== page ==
In truth, there’s hardly any way that Rick Ankiel opens the season as the regular center fielder for the Nationals, and may miss out even if the Nats go with a CF platoon. Perhaps he could be the fifth outfielder on the Nationals due to his flexibility, but Rick would have better been served signing with a team like the New York Mets who could use a player who can play all three outfield positions, hit righties, and doesn’t already have Roger Bernadina. Even if he does break camp with the Nats, don’t expect him to get much run, and certainly don’t pick him up in fantasy unless a major injury hits.

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The Seattle Mariners sign RP Hong-Chih Kuo to a one-year, $500K contract.

In space-time continuum terms, Hong-Chih Kuo is not too far removed from an excellent 2010. But in performance terms, Kuo is way totally far away from that year. 2011 was, to put it bluntly, a disaster. Last season, Kuo suffered from a social anxiety issue, and when he pitched, he pitched very, very poorly. Being an older reliever with no developmental upside, you might think that Kuo is a low-upside player…but you’d be wrong. In 2008 and 2010, Kuo was one of the best relievers in the majors, and has always been able to strike out more than a batter per inning. In 2011, control became a major issue, as he came close to walking a batter an inning as well. That just won’t play anywhere. Kuo also used to be able to limit his HR, and that went out the window in 2011 as well.

The fact of the matter is, Kuo might be broken beyond fixing. But for a million dollars (the amount Kuo will make if he makes the Mariner team), the Mariners are taking a risk on huge upside. If Kuo’s command, injury, and anxiety issues that damaged his performance are less than 2011, then he’ll be a very talented, very valuable reliever in 2011. But unless he unseats Brandon League as closer early in the season, he’s probably not a good bet in fantasy.

Quick Hits

  • Brad Penny, formerly of the Tigers (and Cardinals…and Giants…and Red Sox…and Dodgers…and Marlins) has agreed to a one-year deal with the Fukuoka SoftBank Hawks of Nippon Professional Baseball in Japan. Penny pitched a full season with Detroit last year, but was incredibly ineffective in his 181.2 innings. Both his ERA (5.30) and FIP (5.02) were nearly 25% worse than league average, so finding work on a major league roster was going to be tough. Penny has become completely unable to strike anyone out, despite a fastball that still lives at 92.9 mph, but he could be effective in Japan.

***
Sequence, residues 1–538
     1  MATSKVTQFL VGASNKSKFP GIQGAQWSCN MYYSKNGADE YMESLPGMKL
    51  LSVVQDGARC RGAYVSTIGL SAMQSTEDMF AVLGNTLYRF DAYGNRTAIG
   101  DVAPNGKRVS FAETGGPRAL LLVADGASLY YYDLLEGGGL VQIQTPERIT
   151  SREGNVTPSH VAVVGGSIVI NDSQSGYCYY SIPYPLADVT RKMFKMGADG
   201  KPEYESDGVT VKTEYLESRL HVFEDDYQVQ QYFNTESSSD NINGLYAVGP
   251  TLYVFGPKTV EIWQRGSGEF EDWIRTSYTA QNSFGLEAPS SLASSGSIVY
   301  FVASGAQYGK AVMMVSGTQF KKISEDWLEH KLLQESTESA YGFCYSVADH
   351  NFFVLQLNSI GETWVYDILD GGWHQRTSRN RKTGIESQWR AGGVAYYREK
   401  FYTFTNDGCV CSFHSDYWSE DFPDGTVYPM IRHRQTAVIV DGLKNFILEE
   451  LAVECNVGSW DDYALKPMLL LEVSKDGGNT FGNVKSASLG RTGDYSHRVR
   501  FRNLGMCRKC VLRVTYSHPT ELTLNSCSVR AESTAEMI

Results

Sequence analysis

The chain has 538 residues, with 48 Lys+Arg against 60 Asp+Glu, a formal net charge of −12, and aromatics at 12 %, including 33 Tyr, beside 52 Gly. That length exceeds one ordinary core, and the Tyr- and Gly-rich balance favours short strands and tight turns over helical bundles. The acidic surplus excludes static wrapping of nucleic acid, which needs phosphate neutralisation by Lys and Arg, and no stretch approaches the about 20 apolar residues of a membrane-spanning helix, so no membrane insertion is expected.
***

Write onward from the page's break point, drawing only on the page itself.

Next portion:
• The New York Yankees made their second-most important free agent signing of this offseason, inking utility player Bill Hall to a $600K deal. Hall hit for no power and played bad defense last season…but he can hit poorly and play poor defense at a number of positions, so I guess that means he has value. Even though the Yanks don’t have a lot of depth at the ML value, Hall still won’t last long as a major-leaguer in the Bronx. No fantasy value, virtually no real-world value.
  • The Nationals also signed Mark Teahen to a minor league contract, and invited him to Spring Training. Why? I’m not sure. Teahen, famous for his role in Moneyball (the book) and most recently part of the Colby Rasmus trade to Toronto, was devastatingly bad in 2011. If you like wRC+ as a metric, get this…he was about 50% worse than league average with the stick. Since Teahen’s never been a defensive whiz, and there was no indication that his performance drop was due to injury, he’s extremely unlikely to be a major-leaguer in 2012. Triple-A roster filler.
  • Conor Jackson isn’t just a picture on milk cartons anymore…he’s a Texas Ranger. Added to the franchise on a minor league deal, Jackson is a corner outfielder and first baseman who hits for no power. As you might imagine, that’s not something that draws lots of demand. But the Rangers are very left-handed, so there’s a non-zero chance he could pair as a platoon partner for Mitch Moreland or spell David Murphy…but he’s just not a very good hitter, even against lefties. Pass on him in fantasy, and don’t expect him to get more than 150 PA, if any at all, in Arlington.
  • The Mariners weren’t done adding relievers this week, signing Shawn Camp, formerly of the Blue Jays. Camp is a groundball specialist who is particularly effective against right-handed batters. Camp’s FIP has lived around 4.00 for the last three years, and though his strikeout numbers are continuing to diminish, he probably can still be effective for another year or two. But he won’t get the benefit from Safeco Field that many pitchers do, and he’ll be completely irrelevant in fantasy.
  • The Cardinals signed Alex Cora to a minor league deal, which probably says more about the state of available middle-infield players than it does about Cora. Cora’s not a particularly slick fielder and an atrocious hitter, managing just a .224/.287/.276 slash line in 2011. If he makes the major league roster, it will be as a defensive replacement, and should get very little burn.